Betsy and I went to Mount Baker on October 16. It was a beautiful, sunny day, with temperatures around 70 degrees, even though it was only in the 60s back home in Anacortes.
We usually see Ringed Emeralds there that time of year, but none were to be seen this time. Instead, we saw numerous meadowhawks, which we usually don't see there at all. There were three species of meadowhawks present: Cherry-faced, Saffron-winged, and Autumn. Here they are. First, the Cherry-faced Meadowhawk:
Notice the dark red color, with dark red stigma, mostly clear leading edges of the wings, and a dark stripe along the side of the abdomen.
Next, is the Saffron-winged Meadowhawk:
This meadowhawk sports yellowish leading edges to the wings, and light red stigmas with black borders along the long sides.
Lastly, was the Autumn Meadowhawk:
This is a bright red, spindly meadowhawk. They also landed on each of us, one of its best field marks. The other species of meadowhawks didn't land on us.
What was particularly interesting was that backswimmers were emerging from the water, drying out, then taking wing and smashing back into the water at a different location. Here's a shot I got of one of the backswimmers. It is in the background behind the Spotted Spreadwing in it's usual posture, upside down just below the surface of the water. This is how they get their name.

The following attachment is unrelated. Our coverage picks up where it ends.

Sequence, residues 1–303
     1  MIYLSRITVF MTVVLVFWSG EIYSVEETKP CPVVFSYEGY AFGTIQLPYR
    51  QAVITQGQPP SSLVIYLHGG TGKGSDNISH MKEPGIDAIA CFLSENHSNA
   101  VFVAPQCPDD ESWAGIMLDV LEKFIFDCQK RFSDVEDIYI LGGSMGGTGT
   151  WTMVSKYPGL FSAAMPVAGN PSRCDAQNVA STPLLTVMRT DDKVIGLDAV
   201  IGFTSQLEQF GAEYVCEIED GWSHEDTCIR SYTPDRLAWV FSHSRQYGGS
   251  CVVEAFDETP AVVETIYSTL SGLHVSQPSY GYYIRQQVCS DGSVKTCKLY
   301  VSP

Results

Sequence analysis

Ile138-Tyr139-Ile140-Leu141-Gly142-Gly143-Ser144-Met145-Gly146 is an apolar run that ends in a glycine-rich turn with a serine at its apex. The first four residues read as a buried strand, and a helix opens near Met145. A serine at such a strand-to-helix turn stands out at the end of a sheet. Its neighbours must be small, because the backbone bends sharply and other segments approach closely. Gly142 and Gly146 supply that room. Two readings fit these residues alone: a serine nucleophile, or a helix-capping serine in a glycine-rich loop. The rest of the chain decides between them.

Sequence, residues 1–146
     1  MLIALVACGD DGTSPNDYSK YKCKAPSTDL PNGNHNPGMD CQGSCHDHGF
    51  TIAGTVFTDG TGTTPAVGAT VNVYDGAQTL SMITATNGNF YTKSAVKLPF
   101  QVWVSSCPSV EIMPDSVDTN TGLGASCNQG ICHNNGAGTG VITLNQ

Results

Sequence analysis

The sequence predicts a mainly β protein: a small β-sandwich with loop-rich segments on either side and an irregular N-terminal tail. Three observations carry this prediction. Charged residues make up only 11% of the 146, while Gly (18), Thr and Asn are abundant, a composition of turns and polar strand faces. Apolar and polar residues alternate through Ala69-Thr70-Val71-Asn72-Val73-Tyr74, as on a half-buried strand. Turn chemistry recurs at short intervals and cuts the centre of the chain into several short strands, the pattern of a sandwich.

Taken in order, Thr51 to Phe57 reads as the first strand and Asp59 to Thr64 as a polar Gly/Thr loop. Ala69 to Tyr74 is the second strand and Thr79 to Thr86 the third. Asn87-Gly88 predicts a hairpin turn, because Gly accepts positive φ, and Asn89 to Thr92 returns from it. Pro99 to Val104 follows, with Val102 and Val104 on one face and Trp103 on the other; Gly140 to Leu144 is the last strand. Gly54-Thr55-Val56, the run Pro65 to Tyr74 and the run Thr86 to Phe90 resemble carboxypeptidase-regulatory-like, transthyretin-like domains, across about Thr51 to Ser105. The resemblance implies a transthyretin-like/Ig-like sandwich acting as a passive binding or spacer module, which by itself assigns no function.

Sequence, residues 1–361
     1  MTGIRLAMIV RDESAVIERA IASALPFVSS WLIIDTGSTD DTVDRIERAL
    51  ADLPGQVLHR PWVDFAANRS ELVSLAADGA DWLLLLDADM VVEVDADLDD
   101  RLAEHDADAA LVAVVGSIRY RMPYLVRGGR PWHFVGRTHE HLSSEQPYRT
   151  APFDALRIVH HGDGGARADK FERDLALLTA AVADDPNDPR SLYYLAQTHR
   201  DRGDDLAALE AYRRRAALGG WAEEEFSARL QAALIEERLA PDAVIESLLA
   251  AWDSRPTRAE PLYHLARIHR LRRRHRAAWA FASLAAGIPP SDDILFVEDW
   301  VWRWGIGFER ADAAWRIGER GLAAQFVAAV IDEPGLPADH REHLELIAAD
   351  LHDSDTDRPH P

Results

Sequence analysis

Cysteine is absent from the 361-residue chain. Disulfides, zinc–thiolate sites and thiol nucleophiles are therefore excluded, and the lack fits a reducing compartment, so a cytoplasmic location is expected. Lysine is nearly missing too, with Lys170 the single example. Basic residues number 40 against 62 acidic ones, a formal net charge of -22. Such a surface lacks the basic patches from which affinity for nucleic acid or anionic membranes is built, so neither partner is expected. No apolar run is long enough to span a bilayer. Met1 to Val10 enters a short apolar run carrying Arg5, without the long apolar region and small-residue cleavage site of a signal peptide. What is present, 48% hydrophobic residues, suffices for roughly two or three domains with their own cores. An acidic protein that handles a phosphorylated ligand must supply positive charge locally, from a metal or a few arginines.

Here is a backswimmer that has crawled up out of the water and is drying off so that it can take flight.
Here's a better shot of a backswimmer from the net:
These insects (true bugs) were taking off, flying all around, then crashing back into the water. Sometimes they would do 2 or 3 "splash-dunks," similar to what dragonflies do, only in this case they were trying to break through the surface tension to get submerged with an attached bubble of air (plastron). After a few splash-dunks, they would often hop around on the surface several more times until they finally got submerged and swam away.
We saw backswimmers hitting the water every minute or so, but on some occasions there can be "backswimmer rain", where they are hitting the surface continuously – as in a rain storm. Sometimes the same type of phenomenon is seen with water boatmen, which are similar insects that swim right side up near the bottom.
We went to see dragonflies, but one of the great things about going out into the field is that you never know what unexpected pleasures may await you.